Schools are doing their bit to create awareness on rainwater harvesting.
Rainwater harvesting is the newest buzzword. Newspapers are splashing the last dates for installing the system at home, the gates of a few high-rises in the city bear a grungy board that proudly declares `This is a rain water harvesting building', ministers are on TV every evening exhorting people to harvest their rainwater and government officials are visiting homes and issuing dire warnings to those who have not yet complied.
Even schools are doing their bit to create awareness, although instructed to do so by a government order. Over the past few weeks, students have been marching along roads waving placards and chanting slogans. "The present generation is really not aware of non-conventional sources of energy," says Ajeeth Prasath Jain, Principal of Rajaji Vidyashram, Chennai. "This is the right time to start campaigns for rain water harvesting and nature conservation to create awareness among students." His school will be taking out a two km-long rally next week alongwith Sindhi Model School and Chinmaya Vidyalaya, Chennai.
Though they've participated in the rallies cheerfully, screaming their lungs out and braving heat and thirst for the cause of water, not all the children are aware of the cause they are campaigning for. "We went on a rally but we hadn't been told what RWH really is. Most of my friends had no clue what we were rallying for," says 11-year-old Divya. She's read the pamphlets and material that the local Exnora, Chennai distributed in her area and figured out what the fuss was all about. "But I found the rally embarrassing. We were standing on the road and all the people were staring at us. We had to stand in the sun for a few hours and I fell sick the next day." Twelve-year-old Prakash knows that rain water harvesting is "something about saving rainwater". He says he was thrilled when his class was asked to go on a rally as it meant missing a boring class. "But if they really want us to make a difference, we should have been better informed."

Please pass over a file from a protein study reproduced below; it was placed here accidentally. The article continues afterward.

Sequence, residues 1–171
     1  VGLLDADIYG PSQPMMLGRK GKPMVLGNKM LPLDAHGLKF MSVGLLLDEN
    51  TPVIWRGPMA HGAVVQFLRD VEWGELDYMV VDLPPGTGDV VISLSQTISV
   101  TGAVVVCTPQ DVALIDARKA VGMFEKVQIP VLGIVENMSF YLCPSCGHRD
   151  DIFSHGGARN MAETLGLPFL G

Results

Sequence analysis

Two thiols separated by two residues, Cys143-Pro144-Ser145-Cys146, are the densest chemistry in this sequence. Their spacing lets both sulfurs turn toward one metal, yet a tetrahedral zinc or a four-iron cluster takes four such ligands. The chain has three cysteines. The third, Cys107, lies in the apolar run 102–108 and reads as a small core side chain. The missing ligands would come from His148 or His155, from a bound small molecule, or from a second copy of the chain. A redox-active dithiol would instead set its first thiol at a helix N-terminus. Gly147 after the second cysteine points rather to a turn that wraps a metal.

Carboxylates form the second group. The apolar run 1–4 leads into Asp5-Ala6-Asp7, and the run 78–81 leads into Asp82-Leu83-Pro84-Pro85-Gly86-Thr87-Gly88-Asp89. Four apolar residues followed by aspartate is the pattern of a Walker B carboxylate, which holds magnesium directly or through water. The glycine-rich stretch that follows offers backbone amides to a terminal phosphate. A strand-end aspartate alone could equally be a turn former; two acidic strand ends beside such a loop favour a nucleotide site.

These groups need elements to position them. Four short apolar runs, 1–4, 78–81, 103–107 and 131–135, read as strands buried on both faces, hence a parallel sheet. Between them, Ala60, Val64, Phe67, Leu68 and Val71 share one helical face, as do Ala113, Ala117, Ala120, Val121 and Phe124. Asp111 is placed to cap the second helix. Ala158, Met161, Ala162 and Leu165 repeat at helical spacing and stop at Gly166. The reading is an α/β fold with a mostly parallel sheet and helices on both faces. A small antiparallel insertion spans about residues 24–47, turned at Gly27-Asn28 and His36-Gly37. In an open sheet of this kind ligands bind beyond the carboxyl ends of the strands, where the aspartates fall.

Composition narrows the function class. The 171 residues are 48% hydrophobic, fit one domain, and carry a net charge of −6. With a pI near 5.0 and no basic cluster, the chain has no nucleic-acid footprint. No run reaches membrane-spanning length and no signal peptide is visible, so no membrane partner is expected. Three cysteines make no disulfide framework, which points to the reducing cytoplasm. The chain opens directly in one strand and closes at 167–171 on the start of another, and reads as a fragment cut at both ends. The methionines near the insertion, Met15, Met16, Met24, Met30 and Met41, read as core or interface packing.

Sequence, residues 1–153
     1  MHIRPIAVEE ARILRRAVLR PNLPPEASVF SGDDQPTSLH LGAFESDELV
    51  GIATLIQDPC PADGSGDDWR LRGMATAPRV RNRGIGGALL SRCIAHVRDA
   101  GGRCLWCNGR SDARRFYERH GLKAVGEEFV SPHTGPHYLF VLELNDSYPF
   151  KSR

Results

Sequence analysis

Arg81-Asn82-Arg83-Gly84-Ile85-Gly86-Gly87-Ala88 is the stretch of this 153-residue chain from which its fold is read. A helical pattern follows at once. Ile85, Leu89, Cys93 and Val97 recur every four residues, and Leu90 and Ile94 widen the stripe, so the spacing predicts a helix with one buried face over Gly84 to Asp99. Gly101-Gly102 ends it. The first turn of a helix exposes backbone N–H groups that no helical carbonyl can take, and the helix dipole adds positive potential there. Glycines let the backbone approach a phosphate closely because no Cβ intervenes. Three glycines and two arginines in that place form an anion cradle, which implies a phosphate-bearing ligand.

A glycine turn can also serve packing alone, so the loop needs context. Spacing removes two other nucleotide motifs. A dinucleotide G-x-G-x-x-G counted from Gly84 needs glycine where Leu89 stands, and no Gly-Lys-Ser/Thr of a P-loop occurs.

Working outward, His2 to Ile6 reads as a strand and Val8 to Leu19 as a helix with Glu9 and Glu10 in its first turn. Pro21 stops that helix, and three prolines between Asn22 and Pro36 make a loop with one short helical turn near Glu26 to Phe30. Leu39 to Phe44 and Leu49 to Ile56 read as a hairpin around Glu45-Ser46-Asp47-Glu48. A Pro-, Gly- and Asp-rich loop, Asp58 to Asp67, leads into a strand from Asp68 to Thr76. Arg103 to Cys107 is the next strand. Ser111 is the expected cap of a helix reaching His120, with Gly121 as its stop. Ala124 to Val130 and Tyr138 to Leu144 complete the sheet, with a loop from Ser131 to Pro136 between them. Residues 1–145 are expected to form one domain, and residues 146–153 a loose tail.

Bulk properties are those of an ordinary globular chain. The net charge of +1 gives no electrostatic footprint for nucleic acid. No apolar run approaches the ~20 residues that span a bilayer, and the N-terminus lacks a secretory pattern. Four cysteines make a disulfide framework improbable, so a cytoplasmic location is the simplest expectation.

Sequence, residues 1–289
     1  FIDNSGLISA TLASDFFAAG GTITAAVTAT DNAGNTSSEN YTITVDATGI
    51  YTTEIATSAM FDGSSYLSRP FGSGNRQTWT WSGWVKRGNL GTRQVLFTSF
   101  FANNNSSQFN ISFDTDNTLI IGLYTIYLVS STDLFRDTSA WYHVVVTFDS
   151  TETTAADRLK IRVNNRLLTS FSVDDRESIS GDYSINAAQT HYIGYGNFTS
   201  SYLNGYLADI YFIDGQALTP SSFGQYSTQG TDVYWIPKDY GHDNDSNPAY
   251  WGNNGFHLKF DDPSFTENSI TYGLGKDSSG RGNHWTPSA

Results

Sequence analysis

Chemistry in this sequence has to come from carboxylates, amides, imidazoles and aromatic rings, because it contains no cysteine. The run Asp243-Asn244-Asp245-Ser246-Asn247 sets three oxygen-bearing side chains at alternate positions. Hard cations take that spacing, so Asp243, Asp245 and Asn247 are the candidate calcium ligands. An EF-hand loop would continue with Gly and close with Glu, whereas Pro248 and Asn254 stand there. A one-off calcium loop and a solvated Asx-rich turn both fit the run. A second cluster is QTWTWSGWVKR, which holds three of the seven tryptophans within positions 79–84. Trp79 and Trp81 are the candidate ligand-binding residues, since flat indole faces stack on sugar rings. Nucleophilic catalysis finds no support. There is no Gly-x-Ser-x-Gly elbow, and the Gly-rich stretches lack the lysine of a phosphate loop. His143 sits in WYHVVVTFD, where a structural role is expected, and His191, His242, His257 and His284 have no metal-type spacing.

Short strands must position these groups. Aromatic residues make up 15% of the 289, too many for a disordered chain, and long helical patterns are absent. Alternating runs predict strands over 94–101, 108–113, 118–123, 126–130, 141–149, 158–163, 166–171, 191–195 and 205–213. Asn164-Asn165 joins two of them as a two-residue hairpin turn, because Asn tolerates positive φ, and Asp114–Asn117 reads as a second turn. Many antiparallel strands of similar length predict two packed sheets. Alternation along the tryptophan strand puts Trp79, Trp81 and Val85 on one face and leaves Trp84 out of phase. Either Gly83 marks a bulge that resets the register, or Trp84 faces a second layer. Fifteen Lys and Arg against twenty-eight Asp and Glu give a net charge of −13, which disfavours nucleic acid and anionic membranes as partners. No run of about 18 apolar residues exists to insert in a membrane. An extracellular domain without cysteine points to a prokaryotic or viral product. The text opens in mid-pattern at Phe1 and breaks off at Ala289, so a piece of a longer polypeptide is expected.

"We explained the concept to the students. How much they understand is not important, they just need to be aware of it. Even if the kids don't understand our explanation, they will ask their parents about it. When the rains start, we'll take them to the percolation points to explain it practically," says Jain.
"We walked for rain water harvesting but until it was done in my house, I didn't really understand what it was. Now I'm curious to see how it works," says 11- year-old Vinod.
A 13-year-old student wonders how they will spread awareness without understanding the concept entirely. "The success of the rally also depends on the kind of people we address. They have to be able to understand what we are talking about," she says. But, the principal of DAV Girls Senior Secondary School, Chennai, M.P. Geetha, says that rallies for rainwater harvesting make sense because it is a topic anyone can identify with. "From childhood we are told not to waste water. Water is something everyone needs and rainwater harvesting is easy enough for everyone to understand." Though the school did not take part in the rally because of examinations, they have held elocution competitions, talent shows and story-telling sessions with RWH as the theme. "These are simple methods that will help children understand the concept." DAV Girls School went the RWH way a year ago. "Water harvesting is not a new concept. The Pallava and Chola kings built temples with huge tanks, which are a form of RWH. We have lost some of these old methods to modernisation."
Mr. Jain from Rajaji Vidyashram, Chennai says that history and geography teachers are explaining the concept in every class.
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